Friday, 16 March 2012
Final Piece for self inniated project
This art project started out with a visit to the National Gallery's 'Devoition by Design: Italian Altar pieces before 1500' . Rather than treating the altarpieces as works of art, and treating the exhibition like any other, the gallery was transformed into an Italian Renaissance church, reminding us that these pictures were originally hung in the most sacred places above the altar. Changing the atmosphere of a gallery immediately changed the perception of the hanging pieces; no longer did I see these as pieces of art, but real images of devotion and sacrifice.
I was looking at whether the religious symbol had become so commercialized that its use in art is simply aesthetic, or whether by using religious symbols in modern patterns and prints it does, in fact keep religion and history alive. Even the skull, once used as a memento mori, looking towards the afterlife as something greater than mortal life on earth, is now in the 21st century used in high fashion, worn as accessories in Alexander McQueen scarves and rings.
This project spanned from exploring pattern and fashion textiles on flat canvas, to questioning religion, to the ideals of the American dream. I originally created my own religious motif, photographing little bits and bobs I could find around the house, jewellery, dried leaves, a hamsa (palm shaped symbol used in Judaism and Islam), spray painting these items gold, photographing them, collaging them together, and ultimately creating what looks like a sacred coat of arms. I screen printed this onto the canvas, surrounded by images of money, wealth, consumerism, animals, and fashion figures. Realism meets abstraction and colour meets line. The nude figures, one with flowers printed onto her front, oozes lust, beauty and sexiness, along with the dangers of consumerism and fashion.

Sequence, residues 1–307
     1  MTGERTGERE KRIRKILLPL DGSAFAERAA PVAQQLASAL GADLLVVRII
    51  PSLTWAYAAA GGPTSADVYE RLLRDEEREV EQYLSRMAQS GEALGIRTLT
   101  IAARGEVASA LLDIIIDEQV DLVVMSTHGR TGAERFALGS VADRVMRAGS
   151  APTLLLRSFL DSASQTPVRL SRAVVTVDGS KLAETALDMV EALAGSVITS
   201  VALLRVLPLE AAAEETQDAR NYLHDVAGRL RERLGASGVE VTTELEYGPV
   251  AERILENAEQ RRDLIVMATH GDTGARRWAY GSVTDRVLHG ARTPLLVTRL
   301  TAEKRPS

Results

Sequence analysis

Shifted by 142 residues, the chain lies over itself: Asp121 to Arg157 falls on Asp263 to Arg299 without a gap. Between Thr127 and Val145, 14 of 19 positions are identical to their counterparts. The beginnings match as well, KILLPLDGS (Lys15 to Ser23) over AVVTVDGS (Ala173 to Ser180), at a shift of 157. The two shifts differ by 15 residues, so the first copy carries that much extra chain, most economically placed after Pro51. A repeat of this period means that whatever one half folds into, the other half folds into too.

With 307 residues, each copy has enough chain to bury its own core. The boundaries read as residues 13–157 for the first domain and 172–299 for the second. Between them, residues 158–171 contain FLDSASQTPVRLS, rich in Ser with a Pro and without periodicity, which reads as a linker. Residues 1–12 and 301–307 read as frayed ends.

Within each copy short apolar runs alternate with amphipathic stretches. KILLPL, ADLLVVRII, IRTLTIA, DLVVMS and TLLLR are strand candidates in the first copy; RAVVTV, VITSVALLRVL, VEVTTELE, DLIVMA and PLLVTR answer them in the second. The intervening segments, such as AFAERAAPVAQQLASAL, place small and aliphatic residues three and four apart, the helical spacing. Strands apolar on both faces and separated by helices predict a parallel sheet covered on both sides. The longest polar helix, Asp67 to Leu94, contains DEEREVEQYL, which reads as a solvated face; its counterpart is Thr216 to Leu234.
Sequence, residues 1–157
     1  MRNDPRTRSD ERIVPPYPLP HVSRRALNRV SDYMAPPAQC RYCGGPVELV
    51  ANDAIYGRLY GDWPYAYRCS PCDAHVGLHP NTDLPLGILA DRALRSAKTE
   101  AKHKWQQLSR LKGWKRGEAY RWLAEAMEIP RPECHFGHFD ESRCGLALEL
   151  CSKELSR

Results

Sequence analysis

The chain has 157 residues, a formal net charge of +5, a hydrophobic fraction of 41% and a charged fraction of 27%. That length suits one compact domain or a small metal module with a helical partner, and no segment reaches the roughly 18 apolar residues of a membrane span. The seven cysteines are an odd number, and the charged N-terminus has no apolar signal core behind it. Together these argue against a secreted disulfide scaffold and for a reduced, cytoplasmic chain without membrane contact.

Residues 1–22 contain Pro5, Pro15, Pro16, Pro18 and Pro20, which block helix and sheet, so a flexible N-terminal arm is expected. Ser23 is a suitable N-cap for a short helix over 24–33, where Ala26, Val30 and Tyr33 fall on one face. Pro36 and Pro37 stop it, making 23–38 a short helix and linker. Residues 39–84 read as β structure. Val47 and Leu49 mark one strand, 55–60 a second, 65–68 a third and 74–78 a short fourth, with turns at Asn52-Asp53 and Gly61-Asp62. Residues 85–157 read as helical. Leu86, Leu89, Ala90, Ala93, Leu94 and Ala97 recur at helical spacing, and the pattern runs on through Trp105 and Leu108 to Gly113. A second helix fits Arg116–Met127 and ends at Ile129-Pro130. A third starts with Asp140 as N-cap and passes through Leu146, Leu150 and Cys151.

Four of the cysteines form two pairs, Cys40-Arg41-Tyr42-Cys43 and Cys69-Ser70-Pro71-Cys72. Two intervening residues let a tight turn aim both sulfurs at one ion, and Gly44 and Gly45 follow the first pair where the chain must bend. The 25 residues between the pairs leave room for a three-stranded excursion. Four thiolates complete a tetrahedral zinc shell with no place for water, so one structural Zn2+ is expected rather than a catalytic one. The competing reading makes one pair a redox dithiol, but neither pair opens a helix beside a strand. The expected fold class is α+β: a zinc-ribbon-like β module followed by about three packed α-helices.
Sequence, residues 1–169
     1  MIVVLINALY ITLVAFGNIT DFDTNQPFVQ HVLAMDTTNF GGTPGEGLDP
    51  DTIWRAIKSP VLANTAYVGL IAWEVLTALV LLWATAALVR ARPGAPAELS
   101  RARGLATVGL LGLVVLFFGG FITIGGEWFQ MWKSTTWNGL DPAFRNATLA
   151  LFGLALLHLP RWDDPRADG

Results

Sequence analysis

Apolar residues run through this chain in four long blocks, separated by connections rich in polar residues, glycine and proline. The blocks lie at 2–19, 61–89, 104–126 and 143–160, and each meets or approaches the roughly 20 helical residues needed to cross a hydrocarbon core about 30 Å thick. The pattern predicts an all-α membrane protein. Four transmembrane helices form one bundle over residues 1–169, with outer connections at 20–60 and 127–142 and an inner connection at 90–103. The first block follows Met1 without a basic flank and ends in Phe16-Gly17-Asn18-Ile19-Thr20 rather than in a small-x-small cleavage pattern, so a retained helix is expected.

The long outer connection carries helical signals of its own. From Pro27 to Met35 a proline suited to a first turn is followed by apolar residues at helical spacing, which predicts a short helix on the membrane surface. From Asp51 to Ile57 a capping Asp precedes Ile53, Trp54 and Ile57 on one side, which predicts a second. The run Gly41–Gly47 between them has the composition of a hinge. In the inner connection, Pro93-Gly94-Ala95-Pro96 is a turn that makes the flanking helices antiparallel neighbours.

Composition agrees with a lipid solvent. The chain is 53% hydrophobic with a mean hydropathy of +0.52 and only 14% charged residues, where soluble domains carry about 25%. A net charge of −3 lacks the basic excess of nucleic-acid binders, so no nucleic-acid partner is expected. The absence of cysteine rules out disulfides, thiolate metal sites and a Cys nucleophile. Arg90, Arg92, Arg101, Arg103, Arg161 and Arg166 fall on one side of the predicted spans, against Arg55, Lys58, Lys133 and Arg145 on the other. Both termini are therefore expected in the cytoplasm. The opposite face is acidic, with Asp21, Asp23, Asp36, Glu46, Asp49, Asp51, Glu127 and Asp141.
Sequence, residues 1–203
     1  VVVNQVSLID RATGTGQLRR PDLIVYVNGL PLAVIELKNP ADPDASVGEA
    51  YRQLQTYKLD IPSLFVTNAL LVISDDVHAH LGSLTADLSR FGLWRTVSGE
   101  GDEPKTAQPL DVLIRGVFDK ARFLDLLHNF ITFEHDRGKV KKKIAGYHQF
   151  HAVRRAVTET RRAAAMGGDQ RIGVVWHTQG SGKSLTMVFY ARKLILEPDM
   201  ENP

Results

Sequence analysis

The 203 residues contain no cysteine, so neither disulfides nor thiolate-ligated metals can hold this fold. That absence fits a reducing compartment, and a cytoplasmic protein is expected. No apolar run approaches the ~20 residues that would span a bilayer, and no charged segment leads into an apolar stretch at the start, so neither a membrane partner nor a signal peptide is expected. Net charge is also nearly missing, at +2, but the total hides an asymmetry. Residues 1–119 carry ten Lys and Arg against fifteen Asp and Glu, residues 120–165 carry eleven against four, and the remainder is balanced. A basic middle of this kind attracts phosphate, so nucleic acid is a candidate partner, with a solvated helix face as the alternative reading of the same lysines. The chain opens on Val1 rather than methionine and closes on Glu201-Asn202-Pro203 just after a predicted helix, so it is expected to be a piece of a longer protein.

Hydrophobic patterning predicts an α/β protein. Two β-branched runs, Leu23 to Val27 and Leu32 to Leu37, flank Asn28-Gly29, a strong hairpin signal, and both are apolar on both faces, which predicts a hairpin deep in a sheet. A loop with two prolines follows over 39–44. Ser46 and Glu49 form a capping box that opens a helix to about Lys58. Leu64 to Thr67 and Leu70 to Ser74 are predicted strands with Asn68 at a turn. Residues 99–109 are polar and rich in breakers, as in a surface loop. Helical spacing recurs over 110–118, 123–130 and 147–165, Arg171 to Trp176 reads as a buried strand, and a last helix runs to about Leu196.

The piece subverts beauty, seducing the viewer with its sickly sweet colours and neon pinks, while really giving a clear perspectibe of the rise of materialism and perhaps the fall of religion.